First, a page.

Prolific surfboard shaper Jim Phillips has built boards in almost every U.S. state with an ocean shoreline. He got his start as a military brat in Hawaii, where he repaired dings at the famous Hobie Surf Shop. When his father was transferred to a base on the East Coast, Phillips took his talents to the mainland. He did a short stint shaping for Micris Surfboards on Long Island before moving to New Jersey.
Phillips had a tendency to be in the right place at the right time when it came to developments in surfboard design. In Jersey, he met Carl “Tinker” West, a scientific shaper with a background in physics, who would have a profound influence on Phillips. A happenstance encounter with legendary surfers Bob McTavish and Steve Bigler led to Phillips witnessing the two shredding their eight-foot V bottoms — a moment that made Phillips realize the sport had changed forever. Then, in San Diego during the early 1970s, he watched Mike Hynson test the first down-rail boards, an experience that gave Phillips early exposure to the design that would become the modern rail.
Serendipitous encounters like these heavily influenced Phillips’ forward-thinking design aesthetic, a quality that earned him the nickname, from fellow Hall of Famer Peter Pan, “The Genius.” He would eventually team up with Charlie Phillips to open a shop in Rhode Island that sold his own hand-crafted Phillips surfboards.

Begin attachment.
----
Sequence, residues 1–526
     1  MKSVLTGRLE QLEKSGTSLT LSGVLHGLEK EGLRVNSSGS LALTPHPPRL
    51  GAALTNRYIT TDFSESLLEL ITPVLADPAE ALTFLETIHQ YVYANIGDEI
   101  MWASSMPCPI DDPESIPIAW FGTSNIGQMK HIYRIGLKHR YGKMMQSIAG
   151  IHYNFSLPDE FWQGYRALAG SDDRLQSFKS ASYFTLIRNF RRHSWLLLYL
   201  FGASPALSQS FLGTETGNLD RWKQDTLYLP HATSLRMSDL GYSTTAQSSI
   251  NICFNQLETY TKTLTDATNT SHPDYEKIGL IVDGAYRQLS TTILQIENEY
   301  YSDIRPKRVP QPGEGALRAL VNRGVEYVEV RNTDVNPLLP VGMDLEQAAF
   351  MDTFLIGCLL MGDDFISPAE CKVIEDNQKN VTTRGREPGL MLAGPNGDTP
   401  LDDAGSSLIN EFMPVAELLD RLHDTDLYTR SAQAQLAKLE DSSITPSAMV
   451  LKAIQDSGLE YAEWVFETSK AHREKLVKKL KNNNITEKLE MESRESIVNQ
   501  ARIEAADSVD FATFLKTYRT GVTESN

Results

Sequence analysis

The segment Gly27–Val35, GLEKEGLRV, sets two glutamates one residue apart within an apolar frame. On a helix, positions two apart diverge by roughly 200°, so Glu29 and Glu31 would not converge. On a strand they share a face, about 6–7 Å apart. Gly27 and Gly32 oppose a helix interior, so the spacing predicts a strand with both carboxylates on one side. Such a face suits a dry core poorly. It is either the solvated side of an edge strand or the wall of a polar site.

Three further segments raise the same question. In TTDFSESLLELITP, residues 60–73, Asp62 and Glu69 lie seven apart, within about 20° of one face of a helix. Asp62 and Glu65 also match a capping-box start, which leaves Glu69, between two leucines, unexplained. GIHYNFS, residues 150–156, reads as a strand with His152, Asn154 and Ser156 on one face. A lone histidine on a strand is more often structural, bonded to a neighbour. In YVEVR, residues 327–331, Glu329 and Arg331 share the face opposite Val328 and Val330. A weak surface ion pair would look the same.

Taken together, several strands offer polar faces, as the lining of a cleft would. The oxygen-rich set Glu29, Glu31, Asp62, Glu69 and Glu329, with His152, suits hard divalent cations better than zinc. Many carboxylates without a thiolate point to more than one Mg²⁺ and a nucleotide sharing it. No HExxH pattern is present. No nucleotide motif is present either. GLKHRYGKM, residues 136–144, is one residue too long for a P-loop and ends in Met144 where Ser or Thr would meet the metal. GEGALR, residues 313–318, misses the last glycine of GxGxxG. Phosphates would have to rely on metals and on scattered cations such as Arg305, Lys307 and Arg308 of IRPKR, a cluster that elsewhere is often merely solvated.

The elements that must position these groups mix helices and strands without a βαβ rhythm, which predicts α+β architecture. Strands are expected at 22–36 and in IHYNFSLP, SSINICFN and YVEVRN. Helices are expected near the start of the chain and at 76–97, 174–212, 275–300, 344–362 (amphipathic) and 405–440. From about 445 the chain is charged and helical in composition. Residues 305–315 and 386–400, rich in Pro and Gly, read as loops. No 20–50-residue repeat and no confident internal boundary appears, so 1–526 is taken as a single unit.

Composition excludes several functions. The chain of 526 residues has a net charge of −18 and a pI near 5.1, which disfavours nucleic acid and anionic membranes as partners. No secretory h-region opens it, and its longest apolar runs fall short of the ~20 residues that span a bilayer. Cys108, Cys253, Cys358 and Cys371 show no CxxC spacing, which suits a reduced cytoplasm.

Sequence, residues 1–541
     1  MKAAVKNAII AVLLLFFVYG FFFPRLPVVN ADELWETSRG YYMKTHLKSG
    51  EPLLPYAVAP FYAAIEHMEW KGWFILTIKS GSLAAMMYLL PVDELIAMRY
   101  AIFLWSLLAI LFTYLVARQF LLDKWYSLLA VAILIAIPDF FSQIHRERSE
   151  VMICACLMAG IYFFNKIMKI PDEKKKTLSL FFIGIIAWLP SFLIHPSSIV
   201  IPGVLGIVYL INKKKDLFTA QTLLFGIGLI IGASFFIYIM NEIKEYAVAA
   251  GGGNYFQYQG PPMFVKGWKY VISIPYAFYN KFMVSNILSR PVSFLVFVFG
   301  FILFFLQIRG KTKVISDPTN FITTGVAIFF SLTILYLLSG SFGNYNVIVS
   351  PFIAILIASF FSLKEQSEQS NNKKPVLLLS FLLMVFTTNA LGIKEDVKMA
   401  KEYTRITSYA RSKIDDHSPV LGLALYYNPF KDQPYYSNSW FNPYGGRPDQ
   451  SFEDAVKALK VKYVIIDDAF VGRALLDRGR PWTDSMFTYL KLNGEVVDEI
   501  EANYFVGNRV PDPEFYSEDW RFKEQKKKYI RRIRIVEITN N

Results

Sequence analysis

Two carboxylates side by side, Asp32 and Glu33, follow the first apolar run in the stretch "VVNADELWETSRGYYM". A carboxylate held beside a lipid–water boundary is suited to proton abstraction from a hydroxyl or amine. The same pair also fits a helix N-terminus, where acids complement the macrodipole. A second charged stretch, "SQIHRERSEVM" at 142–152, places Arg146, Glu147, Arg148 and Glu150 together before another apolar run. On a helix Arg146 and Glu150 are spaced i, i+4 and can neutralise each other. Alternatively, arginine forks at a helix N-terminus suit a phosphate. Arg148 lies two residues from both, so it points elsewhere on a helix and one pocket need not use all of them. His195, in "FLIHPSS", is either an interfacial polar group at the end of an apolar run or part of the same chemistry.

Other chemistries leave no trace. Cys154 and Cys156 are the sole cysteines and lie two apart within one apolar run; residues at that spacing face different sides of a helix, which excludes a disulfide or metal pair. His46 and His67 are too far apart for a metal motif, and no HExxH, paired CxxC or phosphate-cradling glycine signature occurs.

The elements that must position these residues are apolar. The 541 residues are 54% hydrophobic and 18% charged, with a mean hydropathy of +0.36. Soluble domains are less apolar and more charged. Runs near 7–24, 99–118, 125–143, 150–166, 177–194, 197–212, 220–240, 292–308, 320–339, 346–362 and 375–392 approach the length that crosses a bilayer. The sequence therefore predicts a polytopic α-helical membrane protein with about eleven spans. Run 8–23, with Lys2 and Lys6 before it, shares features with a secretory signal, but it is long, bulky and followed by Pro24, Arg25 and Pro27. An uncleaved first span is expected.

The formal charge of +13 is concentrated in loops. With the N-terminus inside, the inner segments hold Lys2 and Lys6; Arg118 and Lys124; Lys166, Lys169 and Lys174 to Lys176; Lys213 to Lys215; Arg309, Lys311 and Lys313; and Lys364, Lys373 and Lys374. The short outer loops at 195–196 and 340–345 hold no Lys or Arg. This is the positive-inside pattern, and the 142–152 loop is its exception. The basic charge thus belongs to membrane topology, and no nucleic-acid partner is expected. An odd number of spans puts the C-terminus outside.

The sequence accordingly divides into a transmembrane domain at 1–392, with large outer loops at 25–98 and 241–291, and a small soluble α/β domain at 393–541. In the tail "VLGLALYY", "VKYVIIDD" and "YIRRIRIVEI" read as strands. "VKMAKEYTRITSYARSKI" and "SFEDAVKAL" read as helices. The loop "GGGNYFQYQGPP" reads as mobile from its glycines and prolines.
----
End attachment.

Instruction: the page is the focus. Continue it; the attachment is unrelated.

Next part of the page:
Another fortuitous meeting solidified Phillips’ place in surfing history — this time with Long Island pro Rick Rasmussen (aka “The Raz”) at a surf contest in Ormond Beach, Florida in the mid-1970s. The conditions were diminishing, and Rasmussen requested a new board be constructed at Phillips’ factory, located three hours down the road. Phillips instead lent Rasmussen his 7’10’’ “shortboard noserider,” and The Raz went on to win the competition on Phillips’ board.
Phillips’ incredible legacy goes beyond the surf industry. During his time shaping boards in New Jersey, Phillips doubled as a concert promoter. He became known for his portable sound systems, which helped launch Bruce Springsteen’s career. Phillips saw “The Boss” perform his legendary concert at Asbury Park, and the two even surfed together in Belmar.
Photos by Dick “Mez” Meseroll, Mike McIntire, Bob Richardson, Kevin Walsh, Mark Walther, and courtesy TSJ and Jim Phillips